This is why I always carry a camera with me, you never know when you will come across a photo. I shot this on a tram on the way to work one morning.

The other reason I grew to love photography is because on Friday’s I had double photography for the last two periods of the day and we were allowed to go on unsupervised excursions. At the time I had a girlfriend who also took the same photography class, so most Fridays we would both fill in the form to go on an unsupervised excursion and start our weekends early by catching the bus then train into the city to make photos.

A Ska/Rocksteady/Early Reggae party @ Sectoin 8 in town. Respecting the roots of the music that I know and love. If Reggae didn’t exist I doubt Ragga Jungle, Jungle/Drum & Bass, Breakcore, Juke/Footwork etc… would have been born.

This was circa 2000/1 when digital cameras were only just starting to become popular (My school had an early digital camera that used 3 1/2” floppy disks to store images which were 640×480) or any good so I learned the art of photography using a film camera. I feel like learning how to manually expose an image, develop, and print photos was an invaluable lesson in photography. I’m glad I learned photography when I did. I enjoyed the whole process. It also made the transition to digital photography super easy.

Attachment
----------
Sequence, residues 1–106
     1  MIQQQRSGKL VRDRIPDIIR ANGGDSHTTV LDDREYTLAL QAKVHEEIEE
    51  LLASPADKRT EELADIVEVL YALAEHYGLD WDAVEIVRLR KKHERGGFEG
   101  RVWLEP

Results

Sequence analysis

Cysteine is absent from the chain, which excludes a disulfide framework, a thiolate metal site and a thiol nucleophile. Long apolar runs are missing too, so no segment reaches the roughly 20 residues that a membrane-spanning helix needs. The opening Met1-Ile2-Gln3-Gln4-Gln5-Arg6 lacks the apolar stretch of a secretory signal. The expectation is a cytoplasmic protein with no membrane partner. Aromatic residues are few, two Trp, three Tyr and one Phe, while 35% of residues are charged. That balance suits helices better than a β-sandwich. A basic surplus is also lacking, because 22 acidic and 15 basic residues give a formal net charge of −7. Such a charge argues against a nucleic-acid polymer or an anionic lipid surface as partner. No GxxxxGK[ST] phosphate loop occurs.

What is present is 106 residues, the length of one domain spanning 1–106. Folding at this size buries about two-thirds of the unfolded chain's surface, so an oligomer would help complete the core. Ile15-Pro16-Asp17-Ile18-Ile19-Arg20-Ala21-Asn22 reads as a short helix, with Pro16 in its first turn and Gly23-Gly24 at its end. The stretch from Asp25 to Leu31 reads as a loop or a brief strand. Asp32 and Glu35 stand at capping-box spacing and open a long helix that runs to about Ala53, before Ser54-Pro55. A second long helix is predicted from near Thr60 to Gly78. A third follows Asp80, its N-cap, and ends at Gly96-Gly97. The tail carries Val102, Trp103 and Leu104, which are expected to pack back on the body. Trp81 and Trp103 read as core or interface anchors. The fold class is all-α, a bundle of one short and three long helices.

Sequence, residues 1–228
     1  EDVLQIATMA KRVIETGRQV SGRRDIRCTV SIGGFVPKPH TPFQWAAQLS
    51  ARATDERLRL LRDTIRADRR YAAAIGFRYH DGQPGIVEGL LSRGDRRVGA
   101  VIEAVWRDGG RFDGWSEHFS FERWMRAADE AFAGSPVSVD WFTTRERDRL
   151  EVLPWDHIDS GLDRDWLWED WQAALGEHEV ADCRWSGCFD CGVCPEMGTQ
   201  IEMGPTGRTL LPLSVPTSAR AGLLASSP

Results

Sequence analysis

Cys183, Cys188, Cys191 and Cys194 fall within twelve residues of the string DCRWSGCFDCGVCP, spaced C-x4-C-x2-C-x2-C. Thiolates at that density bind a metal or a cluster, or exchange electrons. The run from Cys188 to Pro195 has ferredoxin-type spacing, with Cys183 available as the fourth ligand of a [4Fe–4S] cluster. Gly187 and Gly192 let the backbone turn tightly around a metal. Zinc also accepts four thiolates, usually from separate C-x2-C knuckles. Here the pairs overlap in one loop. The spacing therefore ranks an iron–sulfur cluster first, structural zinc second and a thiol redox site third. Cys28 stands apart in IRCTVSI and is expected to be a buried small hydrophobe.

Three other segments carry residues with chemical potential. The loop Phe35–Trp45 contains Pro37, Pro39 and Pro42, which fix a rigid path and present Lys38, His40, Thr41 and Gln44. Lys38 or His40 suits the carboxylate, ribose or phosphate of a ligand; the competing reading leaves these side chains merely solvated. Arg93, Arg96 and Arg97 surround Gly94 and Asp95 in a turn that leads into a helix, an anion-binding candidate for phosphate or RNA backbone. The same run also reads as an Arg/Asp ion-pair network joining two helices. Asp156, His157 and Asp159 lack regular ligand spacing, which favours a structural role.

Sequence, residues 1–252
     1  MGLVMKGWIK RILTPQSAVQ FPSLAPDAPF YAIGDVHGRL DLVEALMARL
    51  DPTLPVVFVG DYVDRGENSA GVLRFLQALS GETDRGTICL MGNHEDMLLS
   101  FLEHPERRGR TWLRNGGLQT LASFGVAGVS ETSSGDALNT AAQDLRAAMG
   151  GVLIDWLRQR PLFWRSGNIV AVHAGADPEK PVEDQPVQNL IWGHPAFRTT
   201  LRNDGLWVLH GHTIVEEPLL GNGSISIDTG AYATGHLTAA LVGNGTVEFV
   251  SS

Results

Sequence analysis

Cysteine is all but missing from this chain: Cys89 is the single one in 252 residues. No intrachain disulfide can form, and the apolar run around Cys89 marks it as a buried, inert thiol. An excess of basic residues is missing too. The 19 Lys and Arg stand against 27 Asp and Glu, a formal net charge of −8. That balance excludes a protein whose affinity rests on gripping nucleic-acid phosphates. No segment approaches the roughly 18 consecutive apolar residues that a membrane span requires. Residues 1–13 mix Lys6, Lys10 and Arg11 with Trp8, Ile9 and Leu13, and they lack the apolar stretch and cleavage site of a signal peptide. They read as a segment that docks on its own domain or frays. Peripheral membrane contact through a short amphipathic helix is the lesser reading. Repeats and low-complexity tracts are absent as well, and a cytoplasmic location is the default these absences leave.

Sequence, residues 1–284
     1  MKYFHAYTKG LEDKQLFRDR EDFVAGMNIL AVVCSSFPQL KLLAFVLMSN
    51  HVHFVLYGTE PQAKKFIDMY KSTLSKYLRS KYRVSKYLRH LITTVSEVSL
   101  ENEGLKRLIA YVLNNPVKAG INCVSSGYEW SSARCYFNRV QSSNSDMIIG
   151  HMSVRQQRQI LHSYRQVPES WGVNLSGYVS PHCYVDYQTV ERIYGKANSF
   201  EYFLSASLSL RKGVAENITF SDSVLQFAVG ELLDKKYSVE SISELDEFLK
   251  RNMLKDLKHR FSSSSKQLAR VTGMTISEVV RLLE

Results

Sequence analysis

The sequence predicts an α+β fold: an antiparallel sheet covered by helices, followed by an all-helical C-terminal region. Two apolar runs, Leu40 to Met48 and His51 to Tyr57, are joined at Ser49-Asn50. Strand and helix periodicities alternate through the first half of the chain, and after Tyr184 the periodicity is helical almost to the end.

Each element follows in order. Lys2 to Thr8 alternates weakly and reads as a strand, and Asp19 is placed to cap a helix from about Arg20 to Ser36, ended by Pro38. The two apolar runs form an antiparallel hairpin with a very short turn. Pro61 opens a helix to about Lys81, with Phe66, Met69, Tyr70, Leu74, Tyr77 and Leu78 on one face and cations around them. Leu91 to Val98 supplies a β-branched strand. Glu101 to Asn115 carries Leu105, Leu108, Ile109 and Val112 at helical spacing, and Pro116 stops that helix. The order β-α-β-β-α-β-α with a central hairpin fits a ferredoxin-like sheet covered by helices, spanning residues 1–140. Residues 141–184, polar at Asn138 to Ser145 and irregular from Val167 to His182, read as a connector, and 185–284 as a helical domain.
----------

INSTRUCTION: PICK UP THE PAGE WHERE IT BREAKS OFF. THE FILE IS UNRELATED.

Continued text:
Saw this on a photo walk with a friend. I’m not even sure if this car runs, but sick paint job!

After high school I had neither the space or money to buy the equipment that I needed to keep shooting, developing, and printing photos so I gravitated towards digital photography. Around the same time I finished high school my parents purchased a digital camera which I’m pretty I used more than anyone else. Later when I got a job and could afford my own camera I purchased a Canon digital camera. Then a few Nikon full frame DSLRs, and a crop sensor Nikon camera that I got converted to IR. For a number of years the Minolta SRT 303 gathered dust until I grew sick of digital photography.

I shot this while the train was pulling in. It’s sad that most people are more interested in their phones than what is going on around them. But whatever. I love sunny mornings.